Reassessing Assessment: Very Short Answers Questions for Assessment
In recent times, as teachers we’ve been creating assessments mainly with multiple choice questions -or single-best-answers (SBA). However, SBA questions can give a false impression of students’ competence while Very Short Answers (VSAs) questions have greater authenticity and can provide useful information regarding students’ cognitive errors, helping to improve learning as well as assessment.
MCQ questions are vastly used in Higher Education. They are very popular with lecturers for various reasons, but primarily because they can be used to assess a ton of topics with high reliability and are a very practical question format as they are automatically marked by computers. As they provide a definitive correct answer, the answer is not subject to interpretation.
However, recent research on single-best answers like MCQs have debate their validity for assessment -calling them in some cases ”inherently flawed” for certain educational contexts.
Additionally, MCQ question types provide a set of “fixed” answers, in which one of them is the single best choice. The provided answers give narrow the students’ attention to just those options and, of course, offering as signification cueing.
In contrast, VSAs have a description followed by a lead-in question but no “possible answers”. Instead of having to select one of the possible answers like in the MCQs, the students are prompted to provide their own answer.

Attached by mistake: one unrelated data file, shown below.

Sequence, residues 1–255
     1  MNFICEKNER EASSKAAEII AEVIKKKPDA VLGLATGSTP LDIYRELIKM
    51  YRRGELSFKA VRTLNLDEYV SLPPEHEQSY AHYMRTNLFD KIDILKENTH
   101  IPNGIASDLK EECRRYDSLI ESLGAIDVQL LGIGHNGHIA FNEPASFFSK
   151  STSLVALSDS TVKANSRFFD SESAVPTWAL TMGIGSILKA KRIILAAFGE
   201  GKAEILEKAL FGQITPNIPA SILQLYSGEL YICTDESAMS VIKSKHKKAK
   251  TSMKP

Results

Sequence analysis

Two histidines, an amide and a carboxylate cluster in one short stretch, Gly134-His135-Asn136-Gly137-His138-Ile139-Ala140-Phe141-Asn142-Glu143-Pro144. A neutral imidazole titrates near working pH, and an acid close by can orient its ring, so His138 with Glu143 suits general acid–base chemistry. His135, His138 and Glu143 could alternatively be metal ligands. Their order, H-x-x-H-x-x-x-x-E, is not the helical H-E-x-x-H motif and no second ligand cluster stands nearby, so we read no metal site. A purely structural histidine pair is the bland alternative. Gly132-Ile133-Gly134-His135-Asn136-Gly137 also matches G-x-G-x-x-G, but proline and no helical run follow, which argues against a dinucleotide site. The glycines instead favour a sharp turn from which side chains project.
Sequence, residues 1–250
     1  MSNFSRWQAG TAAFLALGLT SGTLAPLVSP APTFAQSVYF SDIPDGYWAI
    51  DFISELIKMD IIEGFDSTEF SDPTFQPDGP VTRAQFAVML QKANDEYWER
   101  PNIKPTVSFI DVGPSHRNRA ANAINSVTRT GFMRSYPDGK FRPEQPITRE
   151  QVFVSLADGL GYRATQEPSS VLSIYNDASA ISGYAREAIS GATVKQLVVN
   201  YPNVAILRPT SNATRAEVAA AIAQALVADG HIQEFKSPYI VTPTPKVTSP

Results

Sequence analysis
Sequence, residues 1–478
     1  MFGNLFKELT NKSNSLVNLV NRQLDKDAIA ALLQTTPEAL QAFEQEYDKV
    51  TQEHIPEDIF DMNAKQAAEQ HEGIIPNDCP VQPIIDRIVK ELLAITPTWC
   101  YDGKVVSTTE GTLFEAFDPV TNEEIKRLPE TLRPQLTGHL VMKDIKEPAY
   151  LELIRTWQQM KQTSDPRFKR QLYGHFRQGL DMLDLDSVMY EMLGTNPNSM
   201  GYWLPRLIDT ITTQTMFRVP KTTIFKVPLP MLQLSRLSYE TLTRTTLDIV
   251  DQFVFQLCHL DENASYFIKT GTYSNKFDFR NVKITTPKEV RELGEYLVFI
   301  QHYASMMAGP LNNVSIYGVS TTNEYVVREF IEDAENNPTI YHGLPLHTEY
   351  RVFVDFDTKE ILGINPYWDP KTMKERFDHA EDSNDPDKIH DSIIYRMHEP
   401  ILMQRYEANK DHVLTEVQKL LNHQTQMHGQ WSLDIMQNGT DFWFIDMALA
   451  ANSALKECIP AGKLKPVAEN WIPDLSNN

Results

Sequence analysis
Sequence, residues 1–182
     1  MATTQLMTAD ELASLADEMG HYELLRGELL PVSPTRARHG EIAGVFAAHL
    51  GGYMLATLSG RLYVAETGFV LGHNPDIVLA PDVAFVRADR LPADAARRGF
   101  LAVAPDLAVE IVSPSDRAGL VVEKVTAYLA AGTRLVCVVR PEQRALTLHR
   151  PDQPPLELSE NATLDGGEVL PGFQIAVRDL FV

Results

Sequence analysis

VSAs are designed so that the answer required is one to five words in length. The possible answers from the students can be pre-programmed correct and incorrect answers allow the VSA responses of most candidates to be marked automatically. Any responses not fitting the pre-programmed answers are then reviewed by the lecture who examine the answer and might accept it as correct.
A thorough comparison between MCQs as single best answers and VSAs have been published by Prof. Amir H. Sam and colleagues which includes the study of 1417 students in 20 UK medical schools in UK.
In 2019, LAMS participated in a research project with academics from the Lee Kong Chian School of Medicine (Singapore) and Imperial College London Medical School to ascertain that VSAs can be use in the context of Team-Based Learning (TBL) effectively.
A study with 200+ students in Dec 2019 was conducted using VSAs in the context of TBL using LAMS.
While the results of the study are being published, the use of VSAs in Team-Based Learning has been effective and the feedback from the students is very positive.
Currently, both Medical schools (LKC -Singapore and Imperial -UK) are deploy online TBL lessons utilising VSAs questions.